In February, Millicent started six cycles of chemotherapy. She responded well to it, however, there was still active disease present. So, a second regimen of chemotherapy was started. Her oncologist says her disease is still shrinking and clinically she is improving. 

At the end of the second regimen, Millicent will go onto maintenance chemotherapy, hopefully oral treatment (vinorelbine) to keep her disease controlled. This drug has minimal side effects. She will be monitored with chest CT scans to monitor the cancer. There are metastases in her bone, but they are stable and haven’t increased.

Thankfully, Doctor and Millicent have medical aid but unfortunately due to the co-payments Doctor had to sell his car to pay these costs. He now hires a car every time he needs to take his wife for chemotherapy or a check-up. 

“I’m grateful for my husband, he has been there for me every step of the way. Next year, when I’m better, I will get a job and help my husband financially,” she says.

Side effects

Various chemotherapy side effects were experienced by Millicent, such as her nose bleeding, a rash on her body, numbness and lack of taste. 

She says the lack of taste is the worse. “My doctor says I must eat every three hours, but even though I have an appetite, food isn’t nice when you can’t taste it,” she explains.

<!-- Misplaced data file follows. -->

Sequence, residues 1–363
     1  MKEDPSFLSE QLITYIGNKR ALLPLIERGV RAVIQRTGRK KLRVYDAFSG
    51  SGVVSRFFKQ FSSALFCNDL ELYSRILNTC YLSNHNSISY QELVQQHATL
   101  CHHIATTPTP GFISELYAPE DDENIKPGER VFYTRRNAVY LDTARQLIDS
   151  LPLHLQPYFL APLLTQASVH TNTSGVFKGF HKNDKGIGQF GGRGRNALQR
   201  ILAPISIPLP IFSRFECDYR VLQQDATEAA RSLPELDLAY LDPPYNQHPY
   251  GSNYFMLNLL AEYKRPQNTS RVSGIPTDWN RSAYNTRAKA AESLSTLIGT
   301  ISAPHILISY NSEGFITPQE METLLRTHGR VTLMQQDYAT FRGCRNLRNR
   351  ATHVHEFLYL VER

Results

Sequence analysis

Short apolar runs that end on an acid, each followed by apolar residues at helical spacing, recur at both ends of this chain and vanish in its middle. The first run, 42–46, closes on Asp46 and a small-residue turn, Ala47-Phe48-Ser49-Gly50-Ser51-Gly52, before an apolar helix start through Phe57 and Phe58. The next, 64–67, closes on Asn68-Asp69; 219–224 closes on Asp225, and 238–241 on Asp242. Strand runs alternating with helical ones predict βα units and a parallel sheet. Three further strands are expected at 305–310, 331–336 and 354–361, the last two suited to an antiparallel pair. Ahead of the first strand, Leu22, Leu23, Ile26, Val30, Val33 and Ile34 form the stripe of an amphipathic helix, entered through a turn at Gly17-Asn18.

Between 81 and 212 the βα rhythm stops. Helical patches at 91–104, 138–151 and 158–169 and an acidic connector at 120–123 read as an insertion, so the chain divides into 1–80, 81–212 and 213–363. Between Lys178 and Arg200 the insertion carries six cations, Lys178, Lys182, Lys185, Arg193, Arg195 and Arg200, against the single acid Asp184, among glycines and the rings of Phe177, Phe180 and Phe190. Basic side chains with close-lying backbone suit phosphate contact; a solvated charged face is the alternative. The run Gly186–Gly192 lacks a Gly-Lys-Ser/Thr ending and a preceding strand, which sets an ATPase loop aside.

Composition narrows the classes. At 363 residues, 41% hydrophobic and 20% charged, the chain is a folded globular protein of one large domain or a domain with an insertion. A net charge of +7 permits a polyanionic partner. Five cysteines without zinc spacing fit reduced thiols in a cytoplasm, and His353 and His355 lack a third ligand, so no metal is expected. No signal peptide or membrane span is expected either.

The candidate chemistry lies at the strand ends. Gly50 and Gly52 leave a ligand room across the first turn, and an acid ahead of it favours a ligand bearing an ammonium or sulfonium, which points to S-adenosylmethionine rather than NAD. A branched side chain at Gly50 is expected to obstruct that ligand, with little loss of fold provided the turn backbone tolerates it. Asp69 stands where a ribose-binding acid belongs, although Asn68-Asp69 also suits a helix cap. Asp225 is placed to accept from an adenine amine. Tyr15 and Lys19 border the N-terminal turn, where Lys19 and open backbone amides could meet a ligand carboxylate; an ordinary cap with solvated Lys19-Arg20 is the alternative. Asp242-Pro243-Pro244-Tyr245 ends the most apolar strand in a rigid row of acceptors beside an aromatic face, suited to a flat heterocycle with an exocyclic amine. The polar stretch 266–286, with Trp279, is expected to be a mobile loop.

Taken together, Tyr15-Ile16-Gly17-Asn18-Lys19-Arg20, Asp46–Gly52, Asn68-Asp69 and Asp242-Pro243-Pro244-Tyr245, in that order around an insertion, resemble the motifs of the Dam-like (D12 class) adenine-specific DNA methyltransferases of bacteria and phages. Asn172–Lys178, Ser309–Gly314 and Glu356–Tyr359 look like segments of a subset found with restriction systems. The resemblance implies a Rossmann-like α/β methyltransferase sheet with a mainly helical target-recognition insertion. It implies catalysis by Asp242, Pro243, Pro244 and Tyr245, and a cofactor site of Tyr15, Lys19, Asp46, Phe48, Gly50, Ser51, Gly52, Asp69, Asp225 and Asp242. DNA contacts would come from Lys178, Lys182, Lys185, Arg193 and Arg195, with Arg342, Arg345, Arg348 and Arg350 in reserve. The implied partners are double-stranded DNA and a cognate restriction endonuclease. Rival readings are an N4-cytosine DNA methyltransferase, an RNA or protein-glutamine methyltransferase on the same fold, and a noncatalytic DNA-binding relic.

However, the pain on the side where the biopsy was done, has been a major trouble. “It’s was extremely sore but slowly I’m starting to feel normal again, especially since I don’t need the oxygen machine that much anymore.” 

Millicent says that the power of prayer has helped her. “When I was in ICU, I couldn’t pray. I was always asleep but throughout chemotherapy, I pray a lot,” she says.

The mother also says that reading has helped her tremendously through this journey. “I read a lot of articles and books of how other people overcame obstacles in their lives and this gives me inspiration to continue to fight. I don’t know why I got lung cancer, I’m not a smoker, don’t drink and have no family history of cancer. Between 2015 and 2019, I worked in Pretoria and used the train, maybe the fumes in the train were too much? Anyway, I have God with me and will get better. I’m already better now,” she says smiling.

“I have to say thank you to all the doctors and nurses who are treating me, for all their hard work and their efforts to keep me strong.” 

Millicent Mavhungu Grateful for every day3
Millicent Mavhungu Grateful for every day4

Images by Chantal Drummond Photography |

Venue: Exclusive Books Mall of South |

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MEET OUR EDITOR – Laurelle Williams

Laurelle is the Editor at Word for Word Media and graduated from AFDA with a Bachelor of Arts Honours degree in Live Performance. She have a love for storytelling and sharing emotions through the power of words. Her aim is to educate, encourage and most of all show there is always hope. Write me: [email protected]